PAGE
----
Cadillac has done so much with the fashion and art worlds over the past year that my editor has stopped letting me write about every new effort. (“Too much of the same thing,” he says. I get it.)

Now it’s offering something nearly as addictive as fashion: caffeine.

The latest idea, called Cadillac House, is a coffee shop/retail boutique with an art gallery twist and even a bespoke scent. Don’t laugh: These days you could use those words to describe most neighborhoods of Brooklyn.

The 12,000-square-foot space is located on the ground floor of the company’s New York office and will open to the public on June 2. And it goes far beyond what another big brand, Capital One, has done with its own café effort. Cadillac said it has been working on the multimillion-dollar project for the past 18 months.

It’s a potentially an awkward concept—the idea of drinking a cup of joe in anything even remotely like a car dealership is not a good look, and it’s definitely not even close to giving customers a sense of luxury.  (Last year, Infiniti debuted its own unexpected pairing with MoFAD, the Museum of Food and Drink, to much less fanfare.)

But the point of this new space is not to sell cars. Thank goodness. You can go uptown for that. No, this time Caddy has convinced some well-respected fashion-y names to make it more of a destination: Visionaire, the creative firm and magazine, will curate an exhibit at Cadillac House each quarter; the fashion brand Timo Weiland will sell clothing in a pop-up shop; 12.29, which scented shows for Rodarte and Lady Gaga, is concocting a signature “Cadillac” fragrance for the room. New York’s Joe Coffee is providing the beans.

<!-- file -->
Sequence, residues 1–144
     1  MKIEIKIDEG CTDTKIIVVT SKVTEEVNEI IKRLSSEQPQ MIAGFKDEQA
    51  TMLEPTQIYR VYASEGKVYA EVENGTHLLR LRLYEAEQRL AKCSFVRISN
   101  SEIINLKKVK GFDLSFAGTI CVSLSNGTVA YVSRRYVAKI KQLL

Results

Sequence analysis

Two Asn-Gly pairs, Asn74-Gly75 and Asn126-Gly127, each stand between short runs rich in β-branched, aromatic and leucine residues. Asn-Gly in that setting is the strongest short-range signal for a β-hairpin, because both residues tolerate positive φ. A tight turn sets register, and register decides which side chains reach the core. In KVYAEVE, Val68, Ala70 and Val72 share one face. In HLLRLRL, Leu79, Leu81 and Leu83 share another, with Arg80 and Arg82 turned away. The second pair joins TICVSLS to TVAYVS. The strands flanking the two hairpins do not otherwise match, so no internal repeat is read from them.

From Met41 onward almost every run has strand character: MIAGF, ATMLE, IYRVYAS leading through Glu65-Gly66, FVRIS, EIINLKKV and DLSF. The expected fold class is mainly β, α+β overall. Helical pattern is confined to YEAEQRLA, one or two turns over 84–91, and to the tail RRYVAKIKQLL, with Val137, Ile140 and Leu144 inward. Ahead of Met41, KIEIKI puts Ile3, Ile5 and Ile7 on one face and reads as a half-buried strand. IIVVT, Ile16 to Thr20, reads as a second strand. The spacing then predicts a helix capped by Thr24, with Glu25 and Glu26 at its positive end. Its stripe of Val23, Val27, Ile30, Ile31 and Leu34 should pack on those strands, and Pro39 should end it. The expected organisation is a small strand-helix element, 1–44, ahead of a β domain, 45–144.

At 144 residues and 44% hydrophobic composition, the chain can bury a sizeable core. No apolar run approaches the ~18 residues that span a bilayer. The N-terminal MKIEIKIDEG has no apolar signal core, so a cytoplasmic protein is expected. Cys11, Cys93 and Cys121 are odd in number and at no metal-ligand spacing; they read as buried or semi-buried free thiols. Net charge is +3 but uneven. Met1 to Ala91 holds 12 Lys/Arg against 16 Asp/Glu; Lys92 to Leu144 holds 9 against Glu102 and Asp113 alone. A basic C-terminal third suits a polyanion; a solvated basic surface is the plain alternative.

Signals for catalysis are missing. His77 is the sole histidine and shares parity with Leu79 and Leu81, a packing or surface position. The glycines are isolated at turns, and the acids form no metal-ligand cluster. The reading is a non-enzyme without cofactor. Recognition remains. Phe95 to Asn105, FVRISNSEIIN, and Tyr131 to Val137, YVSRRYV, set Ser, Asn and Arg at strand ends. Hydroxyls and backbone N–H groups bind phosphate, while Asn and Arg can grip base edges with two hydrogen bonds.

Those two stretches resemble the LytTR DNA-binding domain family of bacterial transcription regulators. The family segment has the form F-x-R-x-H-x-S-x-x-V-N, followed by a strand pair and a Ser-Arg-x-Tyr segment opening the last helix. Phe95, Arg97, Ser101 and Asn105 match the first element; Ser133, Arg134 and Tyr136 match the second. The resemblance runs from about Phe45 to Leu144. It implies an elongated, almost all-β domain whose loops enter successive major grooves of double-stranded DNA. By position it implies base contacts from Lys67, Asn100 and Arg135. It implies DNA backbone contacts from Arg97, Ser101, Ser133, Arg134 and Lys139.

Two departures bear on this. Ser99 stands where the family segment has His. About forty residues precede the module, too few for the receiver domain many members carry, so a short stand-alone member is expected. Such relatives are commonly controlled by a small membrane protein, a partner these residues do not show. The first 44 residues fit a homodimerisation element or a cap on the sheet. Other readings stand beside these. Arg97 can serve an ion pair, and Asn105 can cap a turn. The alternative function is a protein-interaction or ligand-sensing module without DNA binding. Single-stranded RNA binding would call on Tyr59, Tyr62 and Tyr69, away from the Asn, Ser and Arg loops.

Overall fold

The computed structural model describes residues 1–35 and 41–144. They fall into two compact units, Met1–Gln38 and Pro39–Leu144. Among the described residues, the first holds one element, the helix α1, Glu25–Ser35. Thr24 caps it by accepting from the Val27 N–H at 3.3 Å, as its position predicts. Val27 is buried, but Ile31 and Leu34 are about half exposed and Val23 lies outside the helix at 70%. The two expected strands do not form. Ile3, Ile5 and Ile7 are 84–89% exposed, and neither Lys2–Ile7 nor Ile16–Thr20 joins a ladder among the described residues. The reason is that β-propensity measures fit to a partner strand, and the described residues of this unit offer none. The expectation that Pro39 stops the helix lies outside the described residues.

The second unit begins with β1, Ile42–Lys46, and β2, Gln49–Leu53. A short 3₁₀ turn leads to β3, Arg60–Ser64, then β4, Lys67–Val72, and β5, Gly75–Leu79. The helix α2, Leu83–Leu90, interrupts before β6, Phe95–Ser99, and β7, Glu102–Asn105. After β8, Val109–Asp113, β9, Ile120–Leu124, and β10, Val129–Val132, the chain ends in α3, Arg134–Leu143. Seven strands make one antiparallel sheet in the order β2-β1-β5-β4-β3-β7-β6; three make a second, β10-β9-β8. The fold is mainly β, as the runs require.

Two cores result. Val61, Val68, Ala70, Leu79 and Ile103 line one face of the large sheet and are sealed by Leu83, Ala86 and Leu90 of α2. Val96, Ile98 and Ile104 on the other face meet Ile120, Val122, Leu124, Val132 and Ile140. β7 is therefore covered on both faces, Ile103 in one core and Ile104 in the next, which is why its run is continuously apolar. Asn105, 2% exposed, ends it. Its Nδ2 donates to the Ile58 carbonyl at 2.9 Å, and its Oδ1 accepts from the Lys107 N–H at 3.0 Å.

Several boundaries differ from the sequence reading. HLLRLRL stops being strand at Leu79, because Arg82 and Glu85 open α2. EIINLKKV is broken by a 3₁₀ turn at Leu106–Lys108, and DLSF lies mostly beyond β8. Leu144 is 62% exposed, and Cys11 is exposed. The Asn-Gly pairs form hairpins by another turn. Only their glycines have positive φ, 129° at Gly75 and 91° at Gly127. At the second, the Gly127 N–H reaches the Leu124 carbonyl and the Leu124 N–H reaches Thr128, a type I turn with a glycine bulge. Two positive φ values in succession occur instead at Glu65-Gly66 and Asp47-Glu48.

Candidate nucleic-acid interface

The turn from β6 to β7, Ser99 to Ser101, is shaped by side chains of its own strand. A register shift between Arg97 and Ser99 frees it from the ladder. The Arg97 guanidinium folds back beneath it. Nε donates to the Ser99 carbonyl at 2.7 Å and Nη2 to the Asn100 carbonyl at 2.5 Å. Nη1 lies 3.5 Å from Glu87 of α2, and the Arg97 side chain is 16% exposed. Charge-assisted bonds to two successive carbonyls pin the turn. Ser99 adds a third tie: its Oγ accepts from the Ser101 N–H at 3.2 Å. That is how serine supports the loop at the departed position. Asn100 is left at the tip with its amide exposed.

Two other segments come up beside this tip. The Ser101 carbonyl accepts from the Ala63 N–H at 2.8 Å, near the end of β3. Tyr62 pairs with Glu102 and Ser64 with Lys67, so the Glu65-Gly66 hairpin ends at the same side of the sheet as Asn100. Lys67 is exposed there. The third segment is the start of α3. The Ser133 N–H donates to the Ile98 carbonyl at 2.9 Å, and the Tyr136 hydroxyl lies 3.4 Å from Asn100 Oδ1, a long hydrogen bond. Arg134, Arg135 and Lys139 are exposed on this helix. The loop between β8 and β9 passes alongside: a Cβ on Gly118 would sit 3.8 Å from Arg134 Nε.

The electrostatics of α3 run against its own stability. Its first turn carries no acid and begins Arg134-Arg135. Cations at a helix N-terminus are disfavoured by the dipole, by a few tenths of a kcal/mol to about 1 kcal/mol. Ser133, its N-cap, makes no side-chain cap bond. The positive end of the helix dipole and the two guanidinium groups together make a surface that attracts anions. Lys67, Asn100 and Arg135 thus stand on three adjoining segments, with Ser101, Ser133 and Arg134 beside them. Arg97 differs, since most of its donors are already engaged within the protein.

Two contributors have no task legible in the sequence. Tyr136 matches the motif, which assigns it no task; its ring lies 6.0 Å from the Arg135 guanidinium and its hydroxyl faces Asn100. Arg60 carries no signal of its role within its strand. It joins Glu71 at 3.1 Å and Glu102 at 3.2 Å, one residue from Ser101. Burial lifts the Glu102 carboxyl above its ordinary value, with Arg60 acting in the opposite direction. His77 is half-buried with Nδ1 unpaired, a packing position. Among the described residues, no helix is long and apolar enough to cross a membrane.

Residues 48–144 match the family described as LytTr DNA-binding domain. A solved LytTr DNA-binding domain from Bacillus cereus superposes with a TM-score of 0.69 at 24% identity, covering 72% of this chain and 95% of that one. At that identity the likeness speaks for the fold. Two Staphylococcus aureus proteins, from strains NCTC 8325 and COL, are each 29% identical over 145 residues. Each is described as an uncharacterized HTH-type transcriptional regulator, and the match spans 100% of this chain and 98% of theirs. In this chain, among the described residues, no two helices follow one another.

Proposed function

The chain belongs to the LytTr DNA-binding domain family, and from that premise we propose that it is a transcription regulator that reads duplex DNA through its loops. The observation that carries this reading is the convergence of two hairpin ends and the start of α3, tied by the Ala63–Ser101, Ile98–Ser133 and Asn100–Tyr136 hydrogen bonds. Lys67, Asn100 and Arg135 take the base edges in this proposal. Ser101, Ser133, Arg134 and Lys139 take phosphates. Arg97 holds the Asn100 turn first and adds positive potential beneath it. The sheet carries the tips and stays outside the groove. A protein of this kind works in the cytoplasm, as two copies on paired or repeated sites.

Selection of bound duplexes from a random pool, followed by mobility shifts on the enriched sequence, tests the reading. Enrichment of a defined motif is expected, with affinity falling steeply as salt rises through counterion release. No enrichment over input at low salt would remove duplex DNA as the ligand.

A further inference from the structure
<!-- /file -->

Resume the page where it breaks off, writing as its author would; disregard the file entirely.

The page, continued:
“We have tried to tell people what you’re supposed to feel from the Cadillac brand,” said Melody Lee, who is Cadillac's brand director. “But what we hadn’t quite fully established was an environment that you could walk into.”

On the phone yesterday in New York, Visionaire founder Cecilia Dean said she actually likes the idea of drinking coffee and looking at art in a Cadillac space. It’s unexpected and risky, so it just might work.

“We like to open people’s minds,” she told me. “With the public art installations we’ve been doing, we’ve made them very interactive and participatory.”

Dean is the one who invited Geoffrey Lillemon to be the first guest artist there. It’s a counter-intuitive choice to pair with such a staid (114-year-old) car company, since Amsterdam-based Lillemon was the mastermind behind Miley Cyrus’s and Beyonce’s hugely successful—and visually narcotic—world tours.